The Pentagon FOI request logs, requested by blogger Michael Petrelis, showed — unsurprisingly — that journalists make only a small number of the 10,000 requests received by the DOD since 2000, that the National Security Archive makes the most requests, and that party hacks use it to dig dirt on their opponants.
Why do jounralists account for such a a small proportion of FOI requests to the US Department of Defense and when great non-profit research organisations like the National Security Archive make so many?
In short, It’s not because individual journalists are lazy; there are structural forces at work here:
Off the top of my head, I think of a couple of big FOIA media moments over the last few years that only came to be because of the actions of non-media organizations—like the ACLU’s ongoing torture FOIA battles or Russ Kick’s photos from the Dover mortuary. Eric Umansky went a long way towards explaining the gaps in this Slate piece. As not so surprisingly turns out to be the case, media organizations are reluctant to use FOIA because, well, it’s really, really hard. Requests can take years to fill, or spawn long, drawn out lawsuits. And of course, that takes money and time—two related things that are getting rarer and rarer in journalism. It seems we have another thread here in the story of the decline of investigative reporting.
The other issue the release of this Pentagon document has raised is whether there is anything unethical about disguising the true purpose of an FOI request.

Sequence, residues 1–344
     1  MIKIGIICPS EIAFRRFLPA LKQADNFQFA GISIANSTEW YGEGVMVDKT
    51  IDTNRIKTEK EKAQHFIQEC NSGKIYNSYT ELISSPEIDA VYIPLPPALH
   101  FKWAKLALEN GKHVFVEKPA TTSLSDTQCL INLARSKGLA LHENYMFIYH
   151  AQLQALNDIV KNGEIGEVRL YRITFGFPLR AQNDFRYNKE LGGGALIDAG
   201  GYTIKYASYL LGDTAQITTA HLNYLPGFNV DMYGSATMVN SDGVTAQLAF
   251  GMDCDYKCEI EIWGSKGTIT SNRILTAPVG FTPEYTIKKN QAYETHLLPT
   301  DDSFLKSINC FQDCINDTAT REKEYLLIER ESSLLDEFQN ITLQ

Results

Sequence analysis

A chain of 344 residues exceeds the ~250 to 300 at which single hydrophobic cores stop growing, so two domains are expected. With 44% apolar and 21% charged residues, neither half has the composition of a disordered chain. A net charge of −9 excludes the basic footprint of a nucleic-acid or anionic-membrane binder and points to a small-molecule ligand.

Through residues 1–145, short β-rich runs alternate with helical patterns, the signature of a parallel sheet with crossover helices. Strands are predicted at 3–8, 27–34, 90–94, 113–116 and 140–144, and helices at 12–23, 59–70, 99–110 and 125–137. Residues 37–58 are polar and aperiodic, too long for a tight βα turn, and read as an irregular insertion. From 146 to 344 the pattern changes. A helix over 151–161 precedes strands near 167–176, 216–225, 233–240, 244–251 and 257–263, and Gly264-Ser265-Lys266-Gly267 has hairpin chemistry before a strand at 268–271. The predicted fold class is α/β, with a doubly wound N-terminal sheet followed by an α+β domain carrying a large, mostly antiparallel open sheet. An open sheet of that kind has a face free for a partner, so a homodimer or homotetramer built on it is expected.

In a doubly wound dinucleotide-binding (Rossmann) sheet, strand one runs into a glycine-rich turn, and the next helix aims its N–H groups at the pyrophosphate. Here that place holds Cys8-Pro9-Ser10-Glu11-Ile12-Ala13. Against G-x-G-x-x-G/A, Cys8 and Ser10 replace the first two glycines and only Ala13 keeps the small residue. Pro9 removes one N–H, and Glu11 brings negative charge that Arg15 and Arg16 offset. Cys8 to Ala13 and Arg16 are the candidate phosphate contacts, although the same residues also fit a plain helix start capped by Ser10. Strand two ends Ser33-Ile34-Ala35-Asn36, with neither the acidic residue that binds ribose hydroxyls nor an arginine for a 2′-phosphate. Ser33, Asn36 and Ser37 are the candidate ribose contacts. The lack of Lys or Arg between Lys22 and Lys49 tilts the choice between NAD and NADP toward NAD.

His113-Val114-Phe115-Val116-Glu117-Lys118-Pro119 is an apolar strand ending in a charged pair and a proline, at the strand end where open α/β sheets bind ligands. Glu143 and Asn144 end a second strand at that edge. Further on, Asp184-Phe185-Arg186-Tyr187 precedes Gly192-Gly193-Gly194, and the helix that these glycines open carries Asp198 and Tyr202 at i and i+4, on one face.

Like Justin Mclachlan (but unlike Raw Story’ Ron Brynaert), methinks “no”. I have no problem with party operatives filing requests without disclosing their affiliation. There is no requirment in most open government laws to explain the purpose to which you will put the information, and there are plenty of good reasons to request documents pseudo-anonymously.
If an open government law like the US FOIA creates a “right to know” equal for all citizens (or indeed non-citizens), officials should not have the capacity to question why someone is requesting information. In practice, however, they do.
I’ve recently done a lot of research on how FOI laws are used by journalists in various countries including the United States. A common finding is that “politically sensitive” requests tend to be treated differently from the bulk of relatively uncontrovertial requests, with special channels of political oversight created to handle the administration of such requests.
Research from Canada suggests that requests that officals assume to be controvertial — like those obviously from journalists or political researchers — tend to be scrutinised more carefully and take longer to process than other requests in a process known as “amberlighting”. Similar things appear to be emerging in Britain — but of course this is all top secret.
Commercial requesters are sometimes concerned that aggressive use of FOI requests about government contracts will sour relations with procurement officials they depend upon for business and therefore use proxies to make requests for them.
To avoid such subtle forms of FOIA discrimination, disguising the motives behind requests is just good practice.
We tend to assume that FOIA requests come from journalists and citizen groups acting in the public interest. Consequentially, we may not like the fact that in practice, the major use of FOIA is actually commercial and political interests using it as a taxpayer-subsidised competitive intelligence research tool. But giving agencies the power to question the purposes to which disclosures are put is a receipe for new justifications of secrecy. No journalist or blogger should be advocating that.